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Nutritional deficiencies are rife in the UK, but some pose graver dangers than others. Vitamin B12 deficiency is serious because it can cause irreversible complications if left unmanaged. Severe neurological problems and blood disease are among some of the ailments caused by the condition. Two feelings in the chest should therefore never be ignored.
Vitamin B12 is required for a number of biological processes, but one of the most important is the production of red blood cells.
The health platform Chiropractic Economics explains: “Without proper vitamin B12 levels, red blood cells will not reproduce properly, so their production will reduce, leading to anaemia.”
The condition is clinically linked to a host of symptoms, including fatigue, tingling in the feet and hand, and confusion.
Sometimes, however, it may cause heart palpitations.
READ MORE: Vitamin B12 deficiency: The ‘strange sensation’ that may be an urgent warning symptom
Heart palpitations are heartbeats that suddenly become more noticeable, which can sometimes cause alarm, according to the NHS.
The health body adds: “Your heart may feel like it’s pounding, fluttering or beating irregularly often for just a few seconds or minutes.
“You may also feel these sensations in your throat or neck.”
Research has suggested the heart beats faster as a way to make up for the lower levels of red blood cells in the body.
This happens because the condition puts pressure on the heart to push a higher volume of blood around the body and to do it more quickly.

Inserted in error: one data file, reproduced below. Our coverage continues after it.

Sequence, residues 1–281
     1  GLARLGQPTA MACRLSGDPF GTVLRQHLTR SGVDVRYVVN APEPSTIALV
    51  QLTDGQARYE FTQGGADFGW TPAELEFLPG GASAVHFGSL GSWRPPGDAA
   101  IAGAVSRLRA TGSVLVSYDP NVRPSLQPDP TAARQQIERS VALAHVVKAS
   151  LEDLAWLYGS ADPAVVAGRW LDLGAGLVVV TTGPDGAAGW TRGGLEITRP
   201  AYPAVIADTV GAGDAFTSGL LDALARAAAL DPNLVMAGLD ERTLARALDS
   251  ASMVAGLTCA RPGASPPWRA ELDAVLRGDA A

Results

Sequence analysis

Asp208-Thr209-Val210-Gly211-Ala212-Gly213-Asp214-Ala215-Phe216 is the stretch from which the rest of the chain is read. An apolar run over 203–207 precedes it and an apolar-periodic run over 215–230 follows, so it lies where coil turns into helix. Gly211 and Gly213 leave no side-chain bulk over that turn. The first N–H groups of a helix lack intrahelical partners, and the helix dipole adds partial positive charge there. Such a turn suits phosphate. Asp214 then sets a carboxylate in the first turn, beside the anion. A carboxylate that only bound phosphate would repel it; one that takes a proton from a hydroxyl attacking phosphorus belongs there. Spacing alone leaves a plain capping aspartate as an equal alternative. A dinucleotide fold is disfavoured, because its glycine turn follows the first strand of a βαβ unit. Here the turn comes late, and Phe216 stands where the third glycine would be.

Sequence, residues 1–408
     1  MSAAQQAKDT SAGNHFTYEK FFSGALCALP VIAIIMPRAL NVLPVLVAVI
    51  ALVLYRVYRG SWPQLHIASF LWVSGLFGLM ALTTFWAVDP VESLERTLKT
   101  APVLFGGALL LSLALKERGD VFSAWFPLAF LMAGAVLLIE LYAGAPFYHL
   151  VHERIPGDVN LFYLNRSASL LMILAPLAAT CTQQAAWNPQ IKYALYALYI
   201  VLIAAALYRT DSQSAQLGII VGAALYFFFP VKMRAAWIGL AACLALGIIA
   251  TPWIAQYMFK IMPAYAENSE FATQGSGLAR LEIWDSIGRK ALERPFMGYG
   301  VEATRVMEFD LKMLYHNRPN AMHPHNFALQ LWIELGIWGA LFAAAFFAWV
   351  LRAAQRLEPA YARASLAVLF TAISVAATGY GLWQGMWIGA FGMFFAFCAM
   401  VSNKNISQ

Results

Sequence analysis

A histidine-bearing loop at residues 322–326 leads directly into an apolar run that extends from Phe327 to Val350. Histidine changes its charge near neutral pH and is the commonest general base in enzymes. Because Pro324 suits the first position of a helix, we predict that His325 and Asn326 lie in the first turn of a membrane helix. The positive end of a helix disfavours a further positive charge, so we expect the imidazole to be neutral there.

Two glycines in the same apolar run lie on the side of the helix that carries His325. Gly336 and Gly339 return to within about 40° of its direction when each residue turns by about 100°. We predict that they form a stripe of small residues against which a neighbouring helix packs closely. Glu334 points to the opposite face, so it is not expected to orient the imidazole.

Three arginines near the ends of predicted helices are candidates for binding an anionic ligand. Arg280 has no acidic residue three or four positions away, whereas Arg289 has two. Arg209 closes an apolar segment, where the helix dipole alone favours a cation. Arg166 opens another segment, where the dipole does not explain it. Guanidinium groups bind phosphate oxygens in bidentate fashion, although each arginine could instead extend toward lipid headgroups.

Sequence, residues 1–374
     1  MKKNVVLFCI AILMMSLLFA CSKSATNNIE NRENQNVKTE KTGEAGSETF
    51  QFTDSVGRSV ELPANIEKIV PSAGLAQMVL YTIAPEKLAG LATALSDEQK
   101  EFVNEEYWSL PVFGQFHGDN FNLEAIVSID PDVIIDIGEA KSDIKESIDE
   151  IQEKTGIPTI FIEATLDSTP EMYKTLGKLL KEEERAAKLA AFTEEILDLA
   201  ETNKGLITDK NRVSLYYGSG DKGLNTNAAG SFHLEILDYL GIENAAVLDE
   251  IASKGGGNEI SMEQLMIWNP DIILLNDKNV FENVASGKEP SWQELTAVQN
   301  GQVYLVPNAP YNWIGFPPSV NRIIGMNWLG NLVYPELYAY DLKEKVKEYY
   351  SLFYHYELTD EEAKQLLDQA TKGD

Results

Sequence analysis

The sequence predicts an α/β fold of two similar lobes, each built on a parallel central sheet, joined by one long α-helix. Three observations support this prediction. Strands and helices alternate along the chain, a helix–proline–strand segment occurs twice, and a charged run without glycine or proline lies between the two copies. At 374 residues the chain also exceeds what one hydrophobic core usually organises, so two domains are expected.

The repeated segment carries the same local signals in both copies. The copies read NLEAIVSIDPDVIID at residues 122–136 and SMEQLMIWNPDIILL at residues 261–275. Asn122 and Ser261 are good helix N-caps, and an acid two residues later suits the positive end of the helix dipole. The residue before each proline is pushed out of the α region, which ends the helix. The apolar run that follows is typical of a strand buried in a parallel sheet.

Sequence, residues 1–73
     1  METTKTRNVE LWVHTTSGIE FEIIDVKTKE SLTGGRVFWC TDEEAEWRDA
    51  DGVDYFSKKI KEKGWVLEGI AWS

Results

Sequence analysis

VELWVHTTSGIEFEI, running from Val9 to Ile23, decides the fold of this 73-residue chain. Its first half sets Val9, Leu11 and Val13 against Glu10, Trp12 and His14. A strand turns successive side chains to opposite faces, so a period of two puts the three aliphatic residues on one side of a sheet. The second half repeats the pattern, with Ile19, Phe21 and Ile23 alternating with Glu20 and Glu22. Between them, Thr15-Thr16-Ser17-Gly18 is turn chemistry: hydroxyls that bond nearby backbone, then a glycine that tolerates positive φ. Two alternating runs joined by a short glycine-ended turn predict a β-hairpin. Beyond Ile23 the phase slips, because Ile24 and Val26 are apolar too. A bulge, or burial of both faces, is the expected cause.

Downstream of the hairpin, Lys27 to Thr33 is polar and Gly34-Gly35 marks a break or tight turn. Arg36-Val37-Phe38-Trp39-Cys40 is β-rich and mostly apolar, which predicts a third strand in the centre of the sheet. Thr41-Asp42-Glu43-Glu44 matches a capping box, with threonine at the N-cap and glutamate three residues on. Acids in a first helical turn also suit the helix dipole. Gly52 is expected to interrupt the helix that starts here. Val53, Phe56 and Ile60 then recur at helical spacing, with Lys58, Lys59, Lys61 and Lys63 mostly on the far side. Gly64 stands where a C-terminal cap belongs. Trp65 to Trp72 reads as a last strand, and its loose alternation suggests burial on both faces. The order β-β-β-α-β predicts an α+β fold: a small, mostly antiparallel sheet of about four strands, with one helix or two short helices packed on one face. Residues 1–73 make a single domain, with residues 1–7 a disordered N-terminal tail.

But besides its role in the production of red blood cells, vitamin B12 also plays a key role in the synthesis and maintenance of myelin.
Myelin consists of protein and fatty substances and enables the transmission of electrical impulses along nerve cells.
When the production of the substance ceases, the nerves become vulnerable to damage, setting the stage for peripheral neuropathy.
Peripheral neuropathy results from a loss of function in the nerves that carry signals to and from the brain and spinal cord, to other parts of the body.
As nerve function becomes progressively hampered, pain and discomfort may become apparent in the chest, shoulders and arms.
WebMD explains: “You can get vitamin B12 deficiency anaemia if you don’t get enough vitamin B12 in your diet from foods like milk, eggs, and meat.
“You’re more likely to be low in this vitamin if you’re old and you eat a vegetarian diet.
“It can also happen if your body can’t absorb enough of it from the foods you eat.”
Eating more beef, liver chicken, or fish such as trout, salmon and tuna fish, can help prevent a vitamin deficiency.
But where diet isn’t the cause, doctors may recommend supplementing with B12 to help bridge nutritional insufficiency.
Occasionally, severe deficiencies are treated with injections that can be administered to patients regularly.
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